Agricultural Revolution

The agricultural revolution or the neolithic revolution is the process that took place when human societies first practiced agriculture and created revolutionary transformations in the socio-economic structures of these societies . This process represents the transition of human societies from hunting and gathering to agriculture and to a settled order never to leave.

This transition marks a very important turning point in roughly 2.5 million years of human history. Humanity has transformed from a hunting-gathering order, which it has maintained for such a long time, to a species that actively changes its environment to meet its needs.

Archaeological data reveal that various plant and animal domestications developed independently in six different regions around the world, without being affected by each other, between 10,000 and 7,000 years ago. The earliest known evidence reveals that these regions are located in the tropics and subtropics of Southwest Asia , South Asia , North and Central Africa , and Central America .

However, the Neolithic Revolution is much more than the technique of producing one or another number of foodstuffs. Over the next millennium, small and nomadic groups of hunter-gatherers, who until then continued the basic way of life of human societies, became settled communities that founded villages and towns.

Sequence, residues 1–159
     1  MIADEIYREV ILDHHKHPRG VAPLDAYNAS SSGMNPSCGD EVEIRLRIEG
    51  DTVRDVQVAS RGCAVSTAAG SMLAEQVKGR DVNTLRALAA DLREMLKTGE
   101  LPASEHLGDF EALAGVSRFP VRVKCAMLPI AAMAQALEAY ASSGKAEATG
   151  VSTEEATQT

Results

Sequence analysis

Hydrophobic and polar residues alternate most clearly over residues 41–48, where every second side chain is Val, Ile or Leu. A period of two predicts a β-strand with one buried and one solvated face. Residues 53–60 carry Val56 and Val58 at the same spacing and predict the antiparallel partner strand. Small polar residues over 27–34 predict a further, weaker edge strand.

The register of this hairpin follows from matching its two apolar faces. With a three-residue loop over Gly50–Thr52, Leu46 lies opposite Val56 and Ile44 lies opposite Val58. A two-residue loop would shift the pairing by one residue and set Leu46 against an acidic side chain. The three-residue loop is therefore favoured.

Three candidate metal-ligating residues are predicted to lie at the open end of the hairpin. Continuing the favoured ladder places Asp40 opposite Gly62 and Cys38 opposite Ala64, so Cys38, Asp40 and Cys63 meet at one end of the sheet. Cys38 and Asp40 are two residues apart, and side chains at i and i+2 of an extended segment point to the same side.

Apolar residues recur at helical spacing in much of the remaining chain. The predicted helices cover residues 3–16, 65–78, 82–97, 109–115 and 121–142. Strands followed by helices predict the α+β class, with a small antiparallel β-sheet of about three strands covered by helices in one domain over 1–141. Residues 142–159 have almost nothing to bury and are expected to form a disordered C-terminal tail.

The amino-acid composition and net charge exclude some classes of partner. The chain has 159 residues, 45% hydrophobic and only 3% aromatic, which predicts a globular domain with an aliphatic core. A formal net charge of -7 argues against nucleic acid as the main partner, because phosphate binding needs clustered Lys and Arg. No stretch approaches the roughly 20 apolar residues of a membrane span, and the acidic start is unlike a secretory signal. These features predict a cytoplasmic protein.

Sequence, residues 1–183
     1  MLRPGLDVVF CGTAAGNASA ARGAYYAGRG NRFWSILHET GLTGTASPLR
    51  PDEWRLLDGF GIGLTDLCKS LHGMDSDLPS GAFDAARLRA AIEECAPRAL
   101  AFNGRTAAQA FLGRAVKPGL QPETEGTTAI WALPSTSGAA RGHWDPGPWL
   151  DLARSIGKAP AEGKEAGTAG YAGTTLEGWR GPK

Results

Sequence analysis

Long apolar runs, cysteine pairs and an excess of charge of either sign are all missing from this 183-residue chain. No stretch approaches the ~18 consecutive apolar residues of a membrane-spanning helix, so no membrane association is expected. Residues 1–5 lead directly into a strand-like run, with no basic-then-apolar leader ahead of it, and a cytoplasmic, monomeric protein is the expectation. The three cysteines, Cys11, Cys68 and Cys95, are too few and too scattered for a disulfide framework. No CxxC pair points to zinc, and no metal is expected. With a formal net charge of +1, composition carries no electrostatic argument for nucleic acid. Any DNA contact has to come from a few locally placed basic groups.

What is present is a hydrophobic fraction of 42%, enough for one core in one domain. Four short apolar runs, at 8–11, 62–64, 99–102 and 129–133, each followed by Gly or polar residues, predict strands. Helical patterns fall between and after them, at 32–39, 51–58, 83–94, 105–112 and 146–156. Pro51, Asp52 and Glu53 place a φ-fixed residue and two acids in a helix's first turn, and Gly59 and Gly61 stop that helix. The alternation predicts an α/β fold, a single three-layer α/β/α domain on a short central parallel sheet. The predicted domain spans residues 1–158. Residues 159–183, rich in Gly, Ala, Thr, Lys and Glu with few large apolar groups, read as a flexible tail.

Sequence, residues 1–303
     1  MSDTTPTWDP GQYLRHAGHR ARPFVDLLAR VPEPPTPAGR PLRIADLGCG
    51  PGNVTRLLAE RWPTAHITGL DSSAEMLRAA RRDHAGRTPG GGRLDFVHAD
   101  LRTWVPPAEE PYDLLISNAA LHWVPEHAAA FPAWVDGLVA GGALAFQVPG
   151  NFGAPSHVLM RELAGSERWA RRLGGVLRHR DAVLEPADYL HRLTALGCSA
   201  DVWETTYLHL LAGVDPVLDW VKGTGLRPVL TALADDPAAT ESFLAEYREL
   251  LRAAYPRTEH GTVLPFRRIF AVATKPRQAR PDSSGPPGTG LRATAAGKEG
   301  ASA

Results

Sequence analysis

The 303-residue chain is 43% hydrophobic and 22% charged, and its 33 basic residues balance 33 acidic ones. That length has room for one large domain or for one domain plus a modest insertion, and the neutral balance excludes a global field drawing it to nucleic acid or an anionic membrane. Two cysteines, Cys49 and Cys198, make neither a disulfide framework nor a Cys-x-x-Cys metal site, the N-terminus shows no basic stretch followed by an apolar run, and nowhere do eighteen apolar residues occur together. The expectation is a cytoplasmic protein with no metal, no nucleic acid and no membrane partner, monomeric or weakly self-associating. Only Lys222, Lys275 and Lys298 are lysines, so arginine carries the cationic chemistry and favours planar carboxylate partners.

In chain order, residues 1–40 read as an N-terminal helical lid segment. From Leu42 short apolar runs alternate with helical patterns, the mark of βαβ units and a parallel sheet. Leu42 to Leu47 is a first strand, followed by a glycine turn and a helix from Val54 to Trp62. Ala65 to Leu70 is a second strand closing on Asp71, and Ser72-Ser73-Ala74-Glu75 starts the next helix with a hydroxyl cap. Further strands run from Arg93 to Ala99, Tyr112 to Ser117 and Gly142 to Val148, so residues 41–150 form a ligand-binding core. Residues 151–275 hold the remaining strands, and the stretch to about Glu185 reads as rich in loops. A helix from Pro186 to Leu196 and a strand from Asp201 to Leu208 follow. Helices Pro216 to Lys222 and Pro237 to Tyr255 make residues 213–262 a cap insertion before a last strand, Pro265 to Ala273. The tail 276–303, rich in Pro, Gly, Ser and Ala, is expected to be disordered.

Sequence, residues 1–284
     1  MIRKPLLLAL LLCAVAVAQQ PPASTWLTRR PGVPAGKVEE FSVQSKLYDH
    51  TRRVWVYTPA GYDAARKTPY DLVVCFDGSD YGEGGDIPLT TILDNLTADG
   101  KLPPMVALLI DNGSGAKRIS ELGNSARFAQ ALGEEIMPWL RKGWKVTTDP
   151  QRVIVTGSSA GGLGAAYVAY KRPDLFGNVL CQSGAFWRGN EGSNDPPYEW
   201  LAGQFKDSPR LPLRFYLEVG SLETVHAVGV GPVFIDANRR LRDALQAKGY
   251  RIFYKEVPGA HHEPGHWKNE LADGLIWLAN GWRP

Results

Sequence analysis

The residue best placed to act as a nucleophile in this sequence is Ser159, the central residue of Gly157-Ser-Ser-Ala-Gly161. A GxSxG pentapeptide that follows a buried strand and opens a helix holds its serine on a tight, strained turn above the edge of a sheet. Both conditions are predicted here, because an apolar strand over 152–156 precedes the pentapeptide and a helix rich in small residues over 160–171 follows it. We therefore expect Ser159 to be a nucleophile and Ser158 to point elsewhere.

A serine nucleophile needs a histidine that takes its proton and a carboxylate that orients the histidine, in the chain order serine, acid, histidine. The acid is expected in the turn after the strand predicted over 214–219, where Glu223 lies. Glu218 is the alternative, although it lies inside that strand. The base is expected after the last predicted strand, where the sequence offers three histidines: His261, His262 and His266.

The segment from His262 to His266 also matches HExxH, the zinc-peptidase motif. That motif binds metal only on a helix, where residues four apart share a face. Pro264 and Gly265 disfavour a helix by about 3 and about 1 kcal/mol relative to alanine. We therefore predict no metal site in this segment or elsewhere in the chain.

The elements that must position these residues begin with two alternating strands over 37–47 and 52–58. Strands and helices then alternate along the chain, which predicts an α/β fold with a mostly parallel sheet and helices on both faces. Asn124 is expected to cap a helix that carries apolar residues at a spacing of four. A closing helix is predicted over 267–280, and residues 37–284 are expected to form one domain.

These societies specialize in growing plants that they will use as foodstuffs, thereby improving their natural environment .they changed. While making use of the food resources available in nature, they have now established dominance over these resources.

Undoubtedly, this dominance was determined by the knowledge they created, the technology they could use, and the regional climatic conditions, especially precipitation.

These developments have led to very important changes in the structure of communities. The ability of a person to produce more food than he can consume (social surplus product) allowed population growth, diversified the division of labor, and allowed the development of art, architecture and culture in general, in the continuation of the development processes that took place on this agricultural revolution. In addition, the emergence of social surplus product allows the emergence of private property and forms of management.made its development necessary.

However, it should be noted that these developments took place fully in the Copper Age . Neolithic societies do not have the capacity to produce social surplus products.